SOME Filipinos have begun to call Andres Bonifacio, founder of the Katipunan, the “First President of the Philippines.” That title removes the honor from another great Filipino, Emilio Aguinaldo. But Bonifacio does have a claim to the title, not only because he came to be elected president of the “Tagalog Republic”—which some Katipuneros organized formally as a government parallel to the Katipunan.
Andres Bonifacio was born on Nov. 30, 1863 (which is why today is a national holiday) in Tondo, Manila. Santiago Bonifacio, his father, was once a tailor and a sailor who ran the ferry on his hometown’s river and who a later became a local politician. His mother, Catalina de Castro, worked in a factory that rolled tobacco into cigarettes. They worked very hard to support Andres and his five younger brothers and sisters. In 1881, Catalina contracted TB and in 1882 died. Andres’ father was also stricken with TB and died in 1883.
Andres was 19 years old when he had to forgo his dreams of attaining college education because he had to work and earn the income to support his siblings and be their mother and father.
He worked for a British trading company, J.M. Fleming & Co., as the purchasing manager for raw materials. Later he moved to the German company, Fressell & Co., to work as the warehouseman.
Tragedy seemed to dog him. His first wife died not too long after their marriage – of leprosy. He married again, to Gregoria de Jesus, who survived him and is known to us a historical figure for being Andres Bonifacio’s widow. Andres died without any surviving children, for their only child died in infancy.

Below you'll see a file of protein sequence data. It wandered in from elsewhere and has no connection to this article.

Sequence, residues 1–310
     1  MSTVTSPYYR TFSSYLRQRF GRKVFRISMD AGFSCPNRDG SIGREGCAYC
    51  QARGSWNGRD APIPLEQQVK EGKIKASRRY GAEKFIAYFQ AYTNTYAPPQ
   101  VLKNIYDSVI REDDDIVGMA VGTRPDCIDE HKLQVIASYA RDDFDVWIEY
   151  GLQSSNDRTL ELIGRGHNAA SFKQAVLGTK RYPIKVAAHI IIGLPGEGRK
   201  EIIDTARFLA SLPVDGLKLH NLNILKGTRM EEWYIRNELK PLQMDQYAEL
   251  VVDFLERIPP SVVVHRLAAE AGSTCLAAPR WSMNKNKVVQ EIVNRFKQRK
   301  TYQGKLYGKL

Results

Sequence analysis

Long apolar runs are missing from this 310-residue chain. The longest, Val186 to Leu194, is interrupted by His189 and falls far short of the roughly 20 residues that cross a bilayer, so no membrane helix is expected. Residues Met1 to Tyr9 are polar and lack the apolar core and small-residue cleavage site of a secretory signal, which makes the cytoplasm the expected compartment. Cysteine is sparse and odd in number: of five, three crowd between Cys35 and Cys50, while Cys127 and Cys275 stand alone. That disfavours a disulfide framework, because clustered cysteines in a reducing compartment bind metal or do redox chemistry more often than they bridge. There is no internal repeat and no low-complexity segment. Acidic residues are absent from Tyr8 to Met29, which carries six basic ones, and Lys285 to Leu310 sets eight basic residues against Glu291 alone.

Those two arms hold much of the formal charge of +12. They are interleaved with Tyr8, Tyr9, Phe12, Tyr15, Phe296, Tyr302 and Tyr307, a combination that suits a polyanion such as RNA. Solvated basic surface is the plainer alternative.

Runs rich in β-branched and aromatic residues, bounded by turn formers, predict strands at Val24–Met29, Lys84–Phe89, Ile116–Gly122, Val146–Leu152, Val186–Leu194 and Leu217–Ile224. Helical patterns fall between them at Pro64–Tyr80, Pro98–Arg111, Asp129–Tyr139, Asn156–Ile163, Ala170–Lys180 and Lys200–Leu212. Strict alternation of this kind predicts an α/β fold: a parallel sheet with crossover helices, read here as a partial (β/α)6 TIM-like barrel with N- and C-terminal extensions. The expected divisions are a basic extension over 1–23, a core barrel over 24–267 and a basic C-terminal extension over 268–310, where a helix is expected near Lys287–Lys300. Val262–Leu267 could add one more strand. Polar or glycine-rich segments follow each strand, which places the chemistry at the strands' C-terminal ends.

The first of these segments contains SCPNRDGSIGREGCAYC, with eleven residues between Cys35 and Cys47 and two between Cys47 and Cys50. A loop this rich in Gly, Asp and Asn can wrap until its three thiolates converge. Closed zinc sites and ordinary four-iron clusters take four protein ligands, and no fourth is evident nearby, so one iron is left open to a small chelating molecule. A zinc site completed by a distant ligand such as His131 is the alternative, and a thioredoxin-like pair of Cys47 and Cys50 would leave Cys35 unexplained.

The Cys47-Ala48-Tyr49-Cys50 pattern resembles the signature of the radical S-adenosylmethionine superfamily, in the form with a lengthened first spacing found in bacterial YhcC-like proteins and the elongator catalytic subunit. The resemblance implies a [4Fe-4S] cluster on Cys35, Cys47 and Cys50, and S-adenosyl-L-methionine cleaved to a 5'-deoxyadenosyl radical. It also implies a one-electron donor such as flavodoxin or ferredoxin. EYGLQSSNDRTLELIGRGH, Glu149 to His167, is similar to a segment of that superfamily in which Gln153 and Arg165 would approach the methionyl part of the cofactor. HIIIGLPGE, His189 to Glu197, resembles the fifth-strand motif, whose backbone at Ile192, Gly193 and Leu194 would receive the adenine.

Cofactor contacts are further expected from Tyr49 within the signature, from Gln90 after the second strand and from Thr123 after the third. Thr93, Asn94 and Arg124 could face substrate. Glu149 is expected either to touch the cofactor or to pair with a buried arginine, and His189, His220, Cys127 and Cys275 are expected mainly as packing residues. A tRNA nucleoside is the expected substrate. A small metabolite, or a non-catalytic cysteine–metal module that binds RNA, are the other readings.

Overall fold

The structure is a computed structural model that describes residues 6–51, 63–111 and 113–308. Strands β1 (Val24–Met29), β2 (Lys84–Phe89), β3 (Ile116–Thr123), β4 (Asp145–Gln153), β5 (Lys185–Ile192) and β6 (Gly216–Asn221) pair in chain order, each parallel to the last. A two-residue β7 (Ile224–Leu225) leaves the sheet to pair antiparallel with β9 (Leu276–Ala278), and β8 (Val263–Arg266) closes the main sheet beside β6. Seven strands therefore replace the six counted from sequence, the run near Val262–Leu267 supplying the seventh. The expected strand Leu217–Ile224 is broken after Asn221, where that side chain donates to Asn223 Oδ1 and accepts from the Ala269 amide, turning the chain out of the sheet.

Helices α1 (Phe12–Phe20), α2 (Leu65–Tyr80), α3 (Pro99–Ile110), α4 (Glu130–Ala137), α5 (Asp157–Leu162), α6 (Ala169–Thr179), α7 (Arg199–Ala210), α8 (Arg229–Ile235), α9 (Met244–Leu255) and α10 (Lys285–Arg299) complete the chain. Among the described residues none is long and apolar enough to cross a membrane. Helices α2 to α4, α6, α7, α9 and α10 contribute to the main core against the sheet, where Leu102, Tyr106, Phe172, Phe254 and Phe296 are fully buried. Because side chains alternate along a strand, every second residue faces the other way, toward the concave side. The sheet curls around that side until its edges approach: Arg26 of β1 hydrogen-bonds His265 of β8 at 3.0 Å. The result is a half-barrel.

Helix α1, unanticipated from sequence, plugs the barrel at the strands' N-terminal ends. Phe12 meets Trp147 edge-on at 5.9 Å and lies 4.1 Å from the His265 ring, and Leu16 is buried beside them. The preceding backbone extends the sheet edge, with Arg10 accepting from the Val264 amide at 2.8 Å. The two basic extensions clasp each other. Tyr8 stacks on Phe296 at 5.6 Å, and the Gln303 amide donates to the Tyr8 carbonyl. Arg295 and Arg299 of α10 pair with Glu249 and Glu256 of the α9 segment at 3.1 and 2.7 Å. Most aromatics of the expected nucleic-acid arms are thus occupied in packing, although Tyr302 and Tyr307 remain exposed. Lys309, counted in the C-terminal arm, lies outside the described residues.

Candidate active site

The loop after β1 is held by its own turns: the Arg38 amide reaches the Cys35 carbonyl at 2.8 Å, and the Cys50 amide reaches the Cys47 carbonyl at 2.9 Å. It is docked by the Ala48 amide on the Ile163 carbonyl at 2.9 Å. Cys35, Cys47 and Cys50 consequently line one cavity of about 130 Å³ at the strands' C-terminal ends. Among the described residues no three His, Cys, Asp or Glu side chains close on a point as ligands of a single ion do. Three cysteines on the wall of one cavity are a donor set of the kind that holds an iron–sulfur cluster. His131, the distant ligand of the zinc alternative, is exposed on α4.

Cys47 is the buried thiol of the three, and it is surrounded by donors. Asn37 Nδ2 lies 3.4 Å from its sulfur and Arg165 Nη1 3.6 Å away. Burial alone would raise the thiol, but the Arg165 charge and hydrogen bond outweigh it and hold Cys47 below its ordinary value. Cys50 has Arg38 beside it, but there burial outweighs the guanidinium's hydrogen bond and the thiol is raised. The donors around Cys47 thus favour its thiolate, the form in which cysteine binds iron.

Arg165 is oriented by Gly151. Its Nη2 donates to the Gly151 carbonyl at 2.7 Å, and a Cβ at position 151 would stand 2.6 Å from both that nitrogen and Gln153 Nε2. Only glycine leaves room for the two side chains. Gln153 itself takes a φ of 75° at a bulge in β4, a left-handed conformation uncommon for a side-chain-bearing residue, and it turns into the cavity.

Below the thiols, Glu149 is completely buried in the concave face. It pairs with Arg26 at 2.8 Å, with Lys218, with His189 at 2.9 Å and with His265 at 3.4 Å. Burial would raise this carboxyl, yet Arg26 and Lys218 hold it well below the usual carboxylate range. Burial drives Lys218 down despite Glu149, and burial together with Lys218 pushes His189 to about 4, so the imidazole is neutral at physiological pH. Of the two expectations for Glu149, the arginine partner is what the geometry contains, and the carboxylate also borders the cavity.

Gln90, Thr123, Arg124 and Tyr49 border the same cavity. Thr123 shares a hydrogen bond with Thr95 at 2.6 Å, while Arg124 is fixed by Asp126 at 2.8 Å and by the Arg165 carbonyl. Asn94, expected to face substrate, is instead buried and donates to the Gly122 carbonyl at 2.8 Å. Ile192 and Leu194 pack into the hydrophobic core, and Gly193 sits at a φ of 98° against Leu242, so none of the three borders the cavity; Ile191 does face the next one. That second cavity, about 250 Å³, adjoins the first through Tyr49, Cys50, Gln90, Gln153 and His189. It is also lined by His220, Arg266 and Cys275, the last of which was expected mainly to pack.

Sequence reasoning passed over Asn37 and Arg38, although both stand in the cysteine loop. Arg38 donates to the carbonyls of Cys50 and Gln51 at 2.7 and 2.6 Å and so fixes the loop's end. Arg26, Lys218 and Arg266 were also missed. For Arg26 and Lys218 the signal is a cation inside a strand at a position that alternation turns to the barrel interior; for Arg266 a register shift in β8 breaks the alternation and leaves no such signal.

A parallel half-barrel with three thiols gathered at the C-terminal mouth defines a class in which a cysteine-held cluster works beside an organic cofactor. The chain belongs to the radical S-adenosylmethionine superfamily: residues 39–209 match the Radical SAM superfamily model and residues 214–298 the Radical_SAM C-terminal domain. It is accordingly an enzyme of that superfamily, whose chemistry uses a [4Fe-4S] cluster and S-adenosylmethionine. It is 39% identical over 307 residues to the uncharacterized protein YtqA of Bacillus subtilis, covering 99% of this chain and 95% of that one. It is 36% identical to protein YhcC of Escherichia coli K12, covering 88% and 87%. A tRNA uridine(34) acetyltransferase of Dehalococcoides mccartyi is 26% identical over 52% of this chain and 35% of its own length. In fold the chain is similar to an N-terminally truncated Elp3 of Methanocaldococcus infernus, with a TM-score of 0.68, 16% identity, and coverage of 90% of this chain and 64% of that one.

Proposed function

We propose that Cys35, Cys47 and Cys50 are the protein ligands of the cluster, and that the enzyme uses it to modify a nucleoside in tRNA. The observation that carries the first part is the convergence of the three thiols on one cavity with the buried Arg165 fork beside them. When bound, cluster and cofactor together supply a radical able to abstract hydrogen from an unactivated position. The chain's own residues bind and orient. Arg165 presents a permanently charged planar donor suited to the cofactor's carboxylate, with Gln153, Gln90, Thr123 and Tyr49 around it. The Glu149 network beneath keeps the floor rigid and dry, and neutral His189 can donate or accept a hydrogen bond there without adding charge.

Founder of KKK
Bonifacio joined Jose Rizal’s La Liga Filipina, which Rizal formed in 1892—soon after he was allowed to return to Manila from exile—to promote reforms in the Spanish colonial administration and improve the lives of the Filipinos. But the Spanish colonial authorities suspected Rizal of aiming for rebellion, revolution and then independence, and promptly arrested Rizal after the Liga held its only meeting.
Just four days after Rizal’s arrest, Andres Bonifacio and others revived La Liga—to continue pressuring the Spanish colonial rulers to grant the Filipinos autonomy and enjoy human rights. At the same time, Bonifacio and his patriot friends, Ladislao Diwa and Teodoro Plata, also formed the Katipunan—or the Kataastaasang Kagalanggalang na Katipunan ng mga Anak ng Bayan. (The “Highest Most Respected Society of the Children of the Nation.”) Its aims were to obtain freedom and self-rule through persuasion and struggle—including armed struggle if necessary.
Though the founders, like Andres Bonifacio himself, were well-read on history and revolution, most of the members of the Katipunan were less schooled people from the lower middle and working classes. These were people for whom turning their society into a revolutionary army was not a difficult decision.
Bonifacio and his fellow patriots were soon establishing regional chapters not just in Luzon but also in the Visayas. He was elected Supremo of the Katipunan in 1895. They published the newspaper Kalayaan and wrote stirring essays for it.
Under Bonifacio’s leadership, Katipunan in 1986 grew from only about 300 members to more than 30,000 in July. It had become a organization that could credibly fight a revolution for freedom and independence from Spain.
Bonifacio launched the revolution on Aug. 23, 1896, in a speech (The Cry at Pugad Lawin) calling on the Filipinos to rise in revolt and claim their freedom and independence. He led his followers in tearing up their “cedulas” (community tax certificates) as a symbol of releasing themselves from the rule of Spain.